(April 2000) Lafayette, IN. Current style Interstate signs have the numbers as big as they can be.
This appears to be a new interstate sign with the state name. Signs with "INDIANA" are quite rare on the road (Photo by Joe Koehler).
Indianapolis, IN. Another interstate sign with the state name. Perhaps the fact that this sign is mounted on a traffic light mast arm has kept it from being replaced. (Photo by Joe Koehler)
Indianapolis, IN. Is AASHTO adding suffixes to Interstates again? No, I-65 and I-70 run concurrent through downtown Indianapolis with a flurry of ramps. This sign directs the traveller to the ramp leading to I-65 SOUTH and I-70 WEST (Photo by Joe Koehler).
Indianapolis, IN. Another split route sign (Photo by Joe Koehler).
Embossed US highway shield from the 1930s or 40s (My collection).
Another embossed US highway shield. Note that this sign has a slightly smaller "INDIANA" than the sign above. (Collection of Robert Edgar).
Not really US-249. Not only did the sign shop make a VERY sloppy sign, it also used the wrong sign blank. The route should be IN-249. (Photo by Joe Koehler)
(April 2000) Current style of Indiana route markers. Indiana converted its state-shape signs to this style back in the mid-50's.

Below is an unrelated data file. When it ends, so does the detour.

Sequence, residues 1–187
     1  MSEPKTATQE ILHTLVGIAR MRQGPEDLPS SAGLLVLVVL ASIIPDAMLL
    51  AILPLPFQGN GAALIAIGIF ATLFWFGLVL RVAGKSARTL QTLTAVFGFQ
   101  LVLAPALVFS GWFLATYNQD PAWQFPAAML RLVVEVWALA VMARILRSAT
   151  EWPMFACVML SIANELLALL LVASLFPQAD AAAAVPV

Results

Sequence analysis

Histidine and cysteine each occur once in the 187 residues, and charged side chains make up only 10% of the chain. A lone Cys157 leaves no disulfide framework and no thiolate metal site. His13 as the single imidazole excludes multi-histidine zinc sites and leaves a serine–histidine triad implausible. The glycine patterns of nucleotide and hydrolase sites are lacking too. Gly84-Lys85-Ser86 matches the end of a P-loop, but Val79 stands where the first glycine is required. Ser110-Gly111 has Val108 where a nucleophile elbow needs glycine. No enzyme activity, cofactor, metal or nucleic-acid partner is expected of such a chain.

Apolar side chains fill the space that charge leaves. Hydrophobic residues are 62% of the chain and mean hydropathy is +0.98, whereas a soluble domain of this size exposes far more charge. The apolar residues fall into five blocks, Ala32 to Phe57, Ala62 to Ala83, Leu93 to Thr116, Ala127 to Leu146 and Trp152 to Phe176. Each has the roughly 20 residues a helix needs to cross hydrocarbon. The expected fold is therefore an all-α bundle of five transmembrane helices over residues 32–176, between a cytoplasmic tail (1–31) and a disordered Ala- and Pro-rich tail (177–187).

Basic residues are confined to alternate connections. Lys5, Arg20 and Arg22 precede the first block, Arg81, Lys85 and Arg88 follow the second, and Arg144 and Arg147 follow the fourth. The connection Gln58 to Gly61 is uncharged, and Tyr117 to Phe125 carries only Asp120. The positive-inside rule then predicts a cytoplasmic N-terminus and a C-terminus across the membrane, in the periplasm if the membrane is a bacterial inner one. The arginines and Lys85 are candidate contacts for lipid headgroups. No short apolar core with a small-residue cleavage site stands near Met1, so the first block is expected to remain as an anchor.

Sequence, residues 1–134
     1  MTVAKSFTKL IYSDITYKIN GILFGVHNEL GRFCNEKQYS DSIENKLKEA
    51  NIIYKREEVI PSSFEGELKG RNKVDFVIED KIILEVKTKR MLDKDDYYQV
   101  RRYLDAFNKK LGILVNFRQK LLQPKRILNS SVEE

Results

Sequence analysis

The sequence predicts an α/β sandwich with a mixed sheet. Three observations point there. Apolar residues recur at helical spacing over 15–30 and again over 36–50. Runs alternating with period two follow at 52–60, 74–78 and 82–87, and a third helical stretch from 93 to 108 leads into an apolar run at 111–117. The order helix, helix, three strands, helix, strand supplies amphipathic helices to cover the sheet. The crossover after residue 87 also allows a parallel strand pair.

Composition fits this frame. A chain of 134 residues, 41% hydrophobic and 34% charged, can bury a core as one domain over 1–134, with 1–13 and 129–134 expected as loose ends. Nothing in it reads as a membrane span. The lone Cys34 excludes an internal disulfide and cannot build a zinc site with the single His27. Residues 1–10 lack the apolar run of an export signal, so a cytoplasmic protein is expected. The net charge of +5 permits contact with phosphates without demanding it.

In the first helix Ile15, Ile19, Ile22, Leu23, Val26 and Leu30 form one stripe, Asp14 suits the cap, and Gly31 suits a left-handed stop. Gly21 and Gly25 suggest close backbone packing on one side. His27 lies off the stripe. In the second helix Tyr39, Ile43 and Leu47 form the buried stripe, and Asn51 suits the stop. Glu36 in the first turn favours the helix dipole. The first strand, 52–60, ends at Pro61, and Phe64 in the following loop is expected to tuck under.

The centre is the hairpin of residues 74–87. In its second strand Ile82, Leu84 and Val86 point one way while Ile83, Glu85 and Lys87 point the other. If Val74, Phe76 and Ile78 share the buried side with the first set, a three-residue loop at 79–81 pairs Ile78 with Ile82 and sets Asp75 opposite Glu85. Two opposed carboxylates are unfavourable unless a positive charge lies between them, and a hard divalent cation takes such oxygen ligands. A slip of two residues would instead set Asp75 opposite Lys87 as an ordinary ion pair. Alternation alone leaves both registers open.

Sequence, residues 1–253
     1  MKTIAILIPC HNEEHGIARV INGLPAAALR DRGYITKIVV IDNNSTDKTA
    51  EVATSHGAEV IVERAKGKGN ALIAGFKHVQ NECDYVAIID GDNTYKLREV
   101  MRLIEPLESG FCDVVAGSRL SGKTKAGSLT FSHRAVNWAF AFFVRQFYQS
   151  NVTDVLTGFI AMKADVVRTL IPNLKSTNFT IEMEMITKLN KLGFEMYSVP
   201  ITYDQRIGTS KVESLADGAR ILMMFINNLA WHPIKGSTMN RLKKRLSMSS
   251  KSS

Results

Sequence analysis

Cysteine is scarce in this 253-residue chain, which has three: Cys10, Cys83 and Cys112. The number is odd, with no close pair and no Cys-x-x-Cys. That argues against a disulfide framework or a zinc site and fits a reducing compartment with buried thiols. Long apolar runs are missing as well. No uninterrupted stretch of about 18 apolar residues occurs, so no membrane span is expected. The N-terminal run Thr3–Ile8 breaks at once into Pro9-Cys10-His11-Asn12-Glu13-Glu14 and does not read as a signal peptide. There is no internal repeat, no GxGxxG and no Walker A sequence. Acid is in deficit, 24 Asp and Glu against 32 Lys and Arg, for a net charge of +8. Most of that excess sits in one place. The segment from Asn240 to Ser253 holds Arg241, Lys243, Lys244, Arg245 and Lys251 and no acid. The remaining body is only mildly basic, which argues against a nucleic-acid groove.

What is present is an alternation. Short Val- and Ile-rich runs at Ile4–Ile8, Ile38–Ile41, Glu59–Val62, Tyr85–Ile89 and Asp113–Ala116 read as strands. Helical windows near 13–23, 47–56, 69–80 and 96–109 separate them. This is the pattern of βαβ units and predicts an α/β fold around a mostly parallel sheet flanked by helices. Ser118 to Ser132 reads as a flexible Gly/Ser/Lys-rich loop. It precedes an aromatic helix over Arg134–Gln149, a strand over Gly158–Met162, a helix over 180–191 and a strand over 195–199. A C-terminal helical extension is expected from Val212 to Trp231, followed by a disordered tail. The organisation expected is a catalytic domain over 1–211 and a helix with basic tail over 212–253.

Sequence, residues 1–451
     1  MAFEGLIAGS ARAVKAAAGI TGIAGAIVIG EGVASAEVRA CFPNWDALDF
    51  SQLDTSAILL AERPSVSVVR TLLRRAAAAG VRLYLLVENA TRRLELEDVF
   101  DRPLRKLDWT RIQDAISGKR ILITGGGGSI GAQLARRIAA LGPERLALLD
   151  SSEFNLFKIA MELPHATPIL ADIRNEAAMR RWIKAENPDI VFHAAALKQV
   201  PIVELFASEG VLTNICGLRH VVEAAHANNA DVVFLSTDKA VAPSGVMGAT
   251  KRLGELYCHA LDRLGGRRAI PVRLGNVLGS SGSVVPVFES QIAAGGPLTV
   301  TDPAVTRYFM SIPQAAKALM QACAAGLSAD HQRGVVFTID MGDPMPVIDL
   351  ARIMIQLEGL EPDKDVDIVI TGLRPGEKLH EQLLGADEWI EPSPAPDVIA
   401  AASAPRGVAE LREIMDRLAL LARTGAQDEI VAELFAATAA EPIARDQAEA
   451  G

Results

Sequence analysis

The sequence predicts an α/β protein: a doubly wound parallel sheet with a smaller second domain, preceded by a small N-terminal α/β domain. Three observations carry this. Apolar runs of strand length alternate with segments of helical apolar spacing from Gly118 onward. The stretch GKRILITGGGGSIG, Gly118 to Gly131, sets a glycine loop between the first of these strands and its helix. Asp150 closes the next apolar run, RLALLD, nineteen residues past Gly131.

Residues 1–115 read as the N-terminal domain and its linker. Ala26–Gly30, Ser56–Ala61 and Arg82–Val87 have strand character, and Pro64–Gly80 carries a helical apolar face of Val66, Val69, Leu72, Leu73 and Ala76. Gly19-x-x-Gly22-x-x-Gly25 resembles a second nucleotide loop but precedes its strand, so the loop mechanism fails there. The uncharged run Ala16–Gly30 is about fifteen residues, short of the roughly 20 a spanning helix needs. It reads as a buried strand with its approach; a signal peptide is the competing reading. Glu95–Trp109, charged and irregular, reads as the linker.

(April 2000) Three-digit routes use an extended 36" sign.
(April 2000) State route signs on big green signs are identical to free-standing signs.
This sign is kind of a mystery. According to owner Joe Koehler, this is an Indiana sign - if so, it might be an interim sign between the current style and the older map style.
(Summer 1976) Original Indiana state route marker. Like Illinois, Indiana used a map on its state route signs. However, Indiana did not carry the design over to flat signs of the 1950's like Illinois did. This style was retired in the late 1940's. This particular sign was photographed, still in service, in 1976 by Michael Summa.
(February 2000) New Buffalo, MI. Yes, you read the location correctly. Indiana places its toll trailblazers in neighboring states. This is an older trailblazer that still uses the 'E' and 'W' for East and West. Indiana had planned a North-South toll road, but that was scrapped with the advent of the Interstate system.